When I check on my system's environment, a lot of environmental variables will pop up. How can I just search for a particular variable?

A book I'm reading says:

Sometimes the number of variables in your environment grows quite large, so much so that you don't want to see all of the values displayed when you are interested in just one. If this is the case, you can use the echo command to show an environment variable's current value.

How do I do this in a Linux terminal?

5 Answers 5




For example for the environment variable $HOME, use:

echo "$HOME"

Which then prints something similar to:


Edit: according to the comment of Stéphane Chazelas, it may be better if you use printenv instead of echo:

printenv HOME
  • 5
    You forgot the quotes (unless you're implying zsh or rc/es syntax). echo is a poor choice of a command as it could transform the content of the variable. It will output the content of the shell parameter by the same name. That's not necessarily the same if using the Bourne shell or for env vars like 1, * for instance. And you can't use that approach for env vars whose name is not valid as a shell variable name. Nov 20, 2015 at 12:32
  • 6
    Also note that if there are several environment entries with the same name (OK, a pathological case), which one you'll get depends on the shell (usually either the first one or the last one). printenv VAR will display them all (at least for the GNU implementation). Nov 20, 2015 at 12:41
  • It is not very clean to edit one's answer from a comment that was already made earlier under another more fitting answer (printenv) when it turns out that printenv and printenv VAR even seem the better way to go. Sep 1, 2021 at 13:03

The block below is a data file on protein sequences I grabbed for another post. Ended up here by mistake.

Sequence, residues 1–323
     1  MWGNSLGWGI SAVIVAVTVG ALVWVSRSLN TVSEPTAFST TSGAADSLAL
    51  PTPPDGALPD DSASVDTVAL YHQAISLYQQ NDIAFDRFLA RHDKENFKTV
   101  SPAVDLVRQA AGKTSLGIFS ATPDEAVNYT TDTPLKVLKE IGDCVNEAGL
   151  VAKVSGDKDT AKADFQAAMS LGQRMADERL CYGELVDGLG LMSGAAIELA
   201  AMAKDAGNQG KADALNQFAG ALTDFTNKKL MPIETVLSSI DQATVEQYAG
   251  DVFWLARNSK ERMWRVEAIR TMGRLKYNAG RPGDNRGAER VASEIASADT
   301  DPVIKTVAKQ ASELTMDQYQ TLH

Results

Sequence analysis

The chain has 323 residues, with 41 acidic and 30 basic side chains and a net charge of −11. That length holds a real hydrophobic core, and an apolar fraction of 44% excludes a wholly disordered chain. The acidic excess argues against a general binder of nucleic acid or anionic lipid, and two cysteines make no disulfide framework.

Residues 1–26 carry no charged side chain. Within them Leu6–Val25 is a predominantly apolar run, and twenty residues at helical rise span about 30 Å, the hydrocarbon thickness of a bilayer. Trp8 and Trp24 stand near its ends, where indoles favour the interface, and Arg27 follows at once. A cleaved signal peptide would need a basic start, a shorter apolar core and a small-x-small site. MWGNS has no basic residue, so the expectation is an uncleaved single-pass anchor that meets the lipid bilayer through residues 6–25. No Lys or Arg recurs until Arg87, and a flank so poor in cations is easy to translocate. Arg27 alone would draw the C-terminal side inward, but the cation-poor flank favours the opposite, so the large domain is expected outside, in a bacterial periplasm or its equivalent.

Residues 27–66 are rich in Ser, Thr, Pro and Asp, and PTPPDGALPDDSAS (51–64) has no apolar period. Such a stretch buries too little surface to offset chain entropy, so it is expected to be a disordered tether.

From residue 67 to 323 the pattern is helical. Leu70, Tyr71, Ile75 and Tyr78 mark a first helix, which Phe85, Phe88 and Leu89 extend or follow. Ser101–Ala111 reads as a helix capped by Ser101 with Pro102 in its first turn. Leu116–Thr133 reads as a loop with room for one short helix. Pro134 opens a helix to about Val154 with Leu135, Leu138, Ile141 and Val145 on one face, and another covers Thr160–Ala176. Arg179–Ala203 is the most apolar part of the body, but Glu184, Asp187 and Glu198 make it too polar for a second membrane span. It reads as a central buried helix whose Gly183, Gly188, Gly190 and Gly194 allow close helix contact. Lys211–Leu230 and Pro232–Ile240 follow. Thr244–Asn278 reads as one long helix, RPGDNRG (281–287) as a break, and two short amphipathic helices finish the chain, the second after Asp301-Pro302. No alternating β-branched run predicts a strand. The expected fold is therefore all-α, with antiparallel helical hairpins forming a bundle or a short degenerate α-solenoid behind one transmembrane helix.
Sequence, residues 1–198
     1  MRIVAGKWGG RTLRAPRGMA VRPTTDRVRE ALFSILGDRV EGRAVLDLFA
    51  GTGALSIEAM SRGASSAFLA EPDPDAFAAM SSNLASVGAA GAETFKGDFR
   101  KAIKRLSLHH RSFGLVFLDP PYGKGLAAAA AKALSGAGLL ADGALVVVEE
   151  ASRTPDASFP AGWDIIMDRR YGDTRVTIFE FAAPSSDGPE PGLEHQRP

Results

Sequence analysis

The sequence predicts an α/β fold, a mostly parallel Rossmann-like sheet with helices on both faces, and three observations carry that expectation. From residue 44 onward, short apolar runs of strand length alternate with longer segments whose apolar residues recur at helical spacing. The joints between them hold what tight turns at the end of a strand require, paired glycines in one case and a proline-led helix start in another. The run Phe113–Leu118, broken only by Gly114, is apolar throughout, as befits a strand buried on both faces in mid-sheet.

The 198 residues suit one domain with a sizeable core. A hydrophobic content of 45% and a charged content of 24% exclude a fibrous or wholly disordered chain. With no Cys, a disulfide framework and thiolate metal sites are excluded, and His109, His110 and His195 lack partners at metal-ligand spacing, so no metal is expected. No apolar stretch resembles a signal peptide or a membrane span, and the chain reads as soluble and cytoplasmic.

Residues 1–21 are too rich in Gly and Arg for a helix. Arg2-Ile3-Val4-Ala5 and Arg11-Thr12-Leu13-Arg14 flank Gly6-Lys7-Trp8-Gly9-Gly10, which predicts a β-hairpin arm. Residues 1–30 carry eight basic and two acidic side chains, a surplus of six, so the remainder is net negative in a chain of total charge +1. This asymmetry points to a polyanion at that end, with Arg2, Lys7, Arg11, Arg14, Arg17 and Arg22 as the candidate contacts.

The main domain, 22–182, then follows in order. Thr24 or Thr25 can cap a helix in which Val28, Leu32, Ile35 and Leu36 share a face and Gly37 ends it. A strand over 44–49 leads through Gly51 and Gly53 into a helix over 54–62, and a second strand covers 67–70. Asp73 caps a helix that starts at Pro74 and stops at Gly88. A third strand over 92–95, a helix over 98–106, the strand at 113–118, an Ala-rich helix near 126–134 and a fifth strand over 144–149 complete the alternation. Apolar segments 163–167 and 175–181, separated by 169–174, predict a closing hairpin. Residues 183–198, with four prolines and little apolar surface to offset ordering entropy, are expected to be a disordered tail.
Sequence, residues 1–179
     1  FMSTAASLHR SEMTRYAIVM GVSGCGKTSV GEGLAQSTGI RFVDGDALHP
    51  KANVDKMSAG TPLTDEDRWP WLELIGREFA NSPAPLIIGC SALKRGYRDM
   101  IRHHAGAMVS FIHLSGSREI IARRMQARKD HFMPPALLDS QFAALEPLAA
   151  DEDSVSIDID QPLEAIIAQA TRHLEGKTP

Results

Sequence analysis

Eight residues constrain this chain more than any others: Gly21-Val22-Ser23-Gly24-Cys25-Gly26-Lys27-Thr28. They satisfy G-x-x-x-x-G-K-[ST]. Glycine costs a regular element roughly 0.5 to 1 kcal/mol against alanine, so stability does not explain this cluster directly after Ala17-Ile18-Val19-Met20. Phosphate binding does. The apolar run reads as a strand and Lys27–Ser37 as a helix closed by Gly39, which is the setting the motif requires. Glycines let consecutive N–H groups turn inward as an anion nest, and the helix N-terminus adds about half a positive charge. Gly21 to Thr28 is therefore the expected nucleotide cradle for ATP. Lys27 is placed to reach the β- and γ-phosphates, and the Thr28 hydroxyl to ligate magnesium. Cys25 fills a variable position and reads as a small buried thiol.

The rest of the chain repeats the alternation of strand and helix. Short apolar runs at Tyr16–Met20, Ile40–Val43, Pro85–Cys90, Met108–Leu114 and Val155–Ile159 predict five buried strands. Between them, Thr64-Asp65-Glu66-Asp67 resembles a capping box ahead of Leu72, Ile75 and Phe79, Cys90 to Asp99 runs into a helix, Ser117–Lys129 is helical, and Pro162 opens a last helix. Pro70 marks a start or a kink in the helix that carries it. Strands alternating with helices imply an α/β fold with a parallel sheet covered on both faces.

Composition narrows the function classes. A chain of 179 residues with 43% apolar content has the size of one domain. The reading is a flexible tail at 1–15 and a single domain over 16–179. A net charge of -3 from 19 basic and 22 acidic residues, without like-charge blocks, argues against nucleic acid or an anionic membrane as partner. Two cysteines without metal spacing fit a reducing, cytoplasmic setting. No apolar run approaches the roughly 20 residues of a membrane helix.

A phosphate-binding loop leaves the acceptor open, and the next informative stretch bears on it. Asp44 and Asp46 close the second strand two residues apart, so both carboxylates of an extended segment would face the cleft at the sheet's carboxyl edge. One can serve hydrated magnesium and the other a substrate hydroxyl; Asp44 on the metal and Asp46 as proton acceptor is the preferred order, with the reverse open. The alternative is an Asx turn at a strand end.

By executing:


You will see all environment variables. For more info you can take a look at:


  • 3
    To come close to actually answering the question, printenv variablename will display only the named variable; e.g., printenv  HOME will do approximately the same thing as echo  "$HOME". Nov 20, 2015 at 12:19

It is important to understand that every process has its own set of environment variables.

When a process calls the fork() system call, a second process (the child) identical to the first (the parent) is created (this copy includes the environment, which resides just above the stack (or just below, depending how you think of stacks :-) - but in unix/linux the stack grows down from high addresses).

Usually, the child process will then call the execve() system call, which will throw away everything in its (virtual) memory and reconstruct it from the code and data sections in the specified binary file.

However, when it reconstructs the stack, it copies the environment and argument strings passed to execve() onto the stack first (in that order), before calling the main() function (a lot of the work is done in the crt0 bootstrap code after the execve() returns (to the entry point specified in the binary)).

There are wrappers for the execve() system call in the C library that will pass the current environment (i.e. a copy of the parents environment), instead of the caller providing it (so in effect the child will inherit the parent's environment) - see environ(7).

Try running (as root) the command ps axeww | less ... this will show you the environment for all processes! An interesting one is process id 1 (i.e. the init process - the first process created by the kernel at boot time).